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Microsoft Trying to Murder Organic SEO?
Thursday, March 01, 2007
In case you missed it, Microsoft has been granted a new patent that will remove duplicate search engine results (ie. organic results). Actually the first three components of the patent claim explain the patent a bit more.

"1. A method for removing duplicate URLs from a plurality of listed URLs, said method comprising: determining a display URL for each of a plurality of listed URLs; and determining if any subset comprising at least two listed URLs from among the plurality of listed URLs have the same display URL and, if so, eliminating at least one listed URL from among the subset of listed URLs having the same display URL, wherein specific listed URLs from among the subset of listed URLs having the same display URL are selected for elimination based on a selection rule, wherein the selection rule for the elimination of specific listed URLs from among the subset of listed URLs having the same display URL is for lesser paying listed URLs to be eliminated. Translation: this means removing duplicate URLs

2. The method of claim 1 wherein the plurality of listed URLs are the results of a search engine query. Translation: when there are multiple results for the same URL based on a single search query.

3. The method of claim 1 wherein the plurality of listed URLs are derived from a compilation of search engine query results." Related queries with duplicate URLs
As Bill Slawski points out, in essence the patent explores the idea of "...filtering organic results when there's more than one URL pointing to the same page (i.e., http://www.example.com, http://www.example.com/home.html) on a search results page. It adds the possibility of removing a Web search listing from a search results page when there's also a paid listing pointing to the same page."

This doesn't make sense. Enquiro research has shown that most search users tend to click on the top organic results the majority of time. So let me get this straight, if by chance you have a sponsored result and a top organic result, Microsoft is thinking about removing the organic result. Hmm yeah this will help improve relevancy. You remove the top organic listing, the one that most users will click on. Yep that's one way to improve the user experience. (I'm rolling my eyes as I type this...) This sounds absurd to me. In my opinion, in terms of providing relevant results, Microsoft is a distant fourth behind ASK, Google and Yahoo.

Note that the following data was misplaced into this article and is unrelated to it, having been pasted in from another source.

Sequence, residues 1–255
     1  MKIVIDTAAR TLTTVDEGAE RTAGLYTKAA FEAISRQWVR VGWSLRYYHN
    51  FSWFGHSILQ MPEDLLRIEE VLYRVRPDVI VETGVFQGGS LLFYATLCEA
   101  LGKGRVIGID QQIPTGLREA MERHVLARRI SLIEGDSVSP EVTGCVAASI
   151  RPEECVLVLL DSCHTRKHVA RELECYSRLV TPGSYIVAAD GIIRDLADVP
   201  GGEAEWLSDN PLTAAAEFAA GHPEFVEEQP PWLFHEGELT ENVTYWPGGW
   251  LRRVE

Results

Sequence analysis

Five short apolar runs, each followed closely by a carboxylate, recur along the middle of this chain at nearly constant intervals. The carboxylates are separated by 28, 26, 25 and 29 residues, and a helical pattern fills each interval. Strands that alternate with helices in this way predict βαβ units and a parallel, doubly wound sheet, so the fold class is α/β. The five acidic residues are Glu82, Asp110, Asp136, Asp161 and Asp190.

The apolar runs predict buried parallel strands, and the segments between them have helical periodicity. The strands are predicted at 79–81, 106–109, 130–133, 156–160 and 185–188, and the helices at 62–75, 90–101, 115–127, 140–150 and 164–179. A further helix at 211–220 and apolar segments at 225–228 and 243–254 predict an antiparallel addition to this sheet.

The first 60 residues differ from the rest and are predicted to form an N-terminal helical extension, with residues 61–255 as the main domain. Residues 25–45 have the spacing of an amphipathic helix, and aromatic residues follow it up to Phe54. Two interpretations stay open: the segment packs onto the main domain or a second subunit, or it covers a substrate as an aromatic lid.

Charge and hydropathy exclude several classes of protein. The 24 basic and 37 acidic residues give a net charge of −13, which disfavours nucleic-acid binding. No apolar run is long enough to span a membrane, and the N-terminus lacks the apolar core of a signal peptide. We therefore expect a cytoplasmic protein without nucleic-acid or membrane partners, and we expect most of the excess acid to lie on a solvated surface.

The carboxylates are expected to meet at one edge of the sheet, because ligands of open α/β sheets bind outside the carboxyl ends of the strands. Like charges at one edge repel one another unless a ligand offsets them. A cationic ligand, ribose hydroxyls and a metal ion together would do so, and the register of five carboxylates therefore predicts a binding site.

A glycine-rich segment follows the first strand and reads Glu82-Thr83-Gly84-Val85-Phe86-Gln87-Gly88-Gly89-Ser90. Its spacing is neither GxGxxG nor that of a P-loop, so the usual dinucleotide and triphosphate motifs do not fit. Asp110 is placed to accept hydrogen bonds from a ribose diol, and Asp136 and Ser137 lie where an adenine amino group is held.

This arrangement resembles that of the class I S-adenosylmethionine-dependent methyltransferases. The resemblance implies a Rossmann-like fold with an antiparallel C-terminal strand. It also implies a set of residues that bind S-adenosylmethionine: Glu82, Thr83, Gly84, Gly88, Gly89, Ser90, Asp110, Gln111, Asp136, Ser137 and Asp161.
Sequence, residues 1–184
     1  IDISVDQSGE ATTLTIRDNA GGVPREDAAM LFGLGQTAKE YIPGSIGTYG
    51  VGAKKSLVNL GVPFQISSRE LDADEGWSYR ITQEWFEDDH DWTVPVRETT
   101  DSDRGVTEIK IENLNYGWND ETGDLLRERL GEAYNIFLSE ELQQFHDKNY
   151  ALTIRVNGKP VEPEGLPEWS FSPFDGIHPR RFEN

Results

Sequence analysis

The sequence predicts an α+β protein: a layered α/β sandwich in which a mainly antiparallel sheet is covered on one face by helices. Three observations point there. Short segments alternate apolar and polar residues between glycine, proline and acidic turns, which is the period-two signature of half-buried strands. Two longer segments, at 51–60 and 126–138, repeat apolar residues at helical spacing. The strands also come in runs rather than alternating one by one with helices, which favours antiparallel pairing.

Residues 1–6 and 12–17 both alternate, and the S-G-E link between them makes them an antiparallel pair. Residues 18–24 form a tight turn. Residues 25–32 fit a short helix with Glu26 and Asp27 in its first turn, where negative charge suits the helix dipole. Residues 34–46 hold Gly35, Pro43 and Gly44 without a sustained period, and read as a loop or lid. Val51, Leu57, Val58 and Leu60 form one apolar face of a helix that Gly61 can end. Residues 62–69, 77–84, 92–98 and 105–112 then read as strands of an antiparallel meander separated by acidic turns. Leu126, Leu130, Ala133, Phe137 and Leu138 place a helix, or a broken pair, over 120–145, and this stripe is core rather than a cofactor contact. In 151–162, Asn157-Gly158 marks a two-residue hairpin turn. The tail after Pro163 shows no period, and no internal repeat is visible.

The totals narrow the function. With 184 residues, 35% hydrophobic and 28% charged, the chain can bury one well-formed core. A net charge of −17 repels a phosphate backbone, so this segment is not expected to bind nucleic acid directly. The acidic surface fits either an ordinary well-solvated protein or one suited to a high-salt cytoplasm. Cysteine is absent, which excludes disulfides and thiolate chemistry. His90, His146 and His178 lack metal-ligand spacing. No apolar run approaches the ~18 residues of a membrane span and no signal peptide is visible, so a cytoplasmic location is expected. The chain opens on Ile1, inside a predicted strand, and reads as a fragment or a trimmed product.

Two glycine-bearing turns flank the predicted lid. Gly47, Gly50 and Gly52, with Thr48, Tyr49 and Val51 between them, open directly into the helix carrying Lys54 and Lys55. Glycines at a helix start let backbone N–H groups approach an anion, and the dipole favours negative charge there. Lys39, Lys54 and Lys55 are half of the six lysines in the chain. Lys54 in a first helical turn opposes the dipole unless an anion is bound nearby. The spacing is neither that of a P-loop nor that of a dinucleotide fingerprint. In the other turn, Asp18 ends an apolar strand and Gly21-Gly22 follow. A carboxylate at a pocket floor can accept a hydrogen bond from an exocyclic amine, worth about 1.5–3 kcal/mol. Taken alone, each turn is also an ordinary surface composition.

If implemented, Microsoft’s would filter out your organic listing if you also appeared in their Sponsored Listings. By removing the organic results, Microsoft does not improve the user experience or improve the relevancy of the results. How can you have a listing that has been paid for (ie a sponsored result) be the most relevant result? Would it not be possible for eBay for example to bid on any key phrase and be listed in the top sponsored position for this particular key phrase? This doesn't mean that this is the most relevant result out there, and further, if the site listed in the number three sponsored position happened to be the most relevant but has had it's organic result removed, users may not find the most relevant result (based on the fact that they may ignore the side sponsored listings). The organic listing is the one that is ranking based on quality and relevancy, not the PPC listing which “ranks” solely because the advertiser paid the right price to be placed there.

Is it not true that organic and sponsored listings are supposed to be separate and that they are not supposed to affect each other? (Although I have seen evidence of this not being true, where paid listings have cannibalized organic listings.) It should be noted that Microsoft has not stated whether they will implement this patent, but it does raise some eyebrows.

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posted by Jody @ Thursday, March 01, 2007  
  • At 9:06 AM, Blogger Rob said…

    I doubt they'll filter organic in favor of sponsored - after all Microsoft is a follower in terms of search. It's been successful for Google to leave both up, so I'm sure Microsoft will follow suit.

    Another reason (as you've illustrated) is many people prefer organic listings. If I was an advertiser whose traffic all-of-a-sudden dropped from MSN (especially since I was bidding the most for a term I knew I already had high rankings) I'd be pretty choked and would probably drop MSN from my advertising budget.

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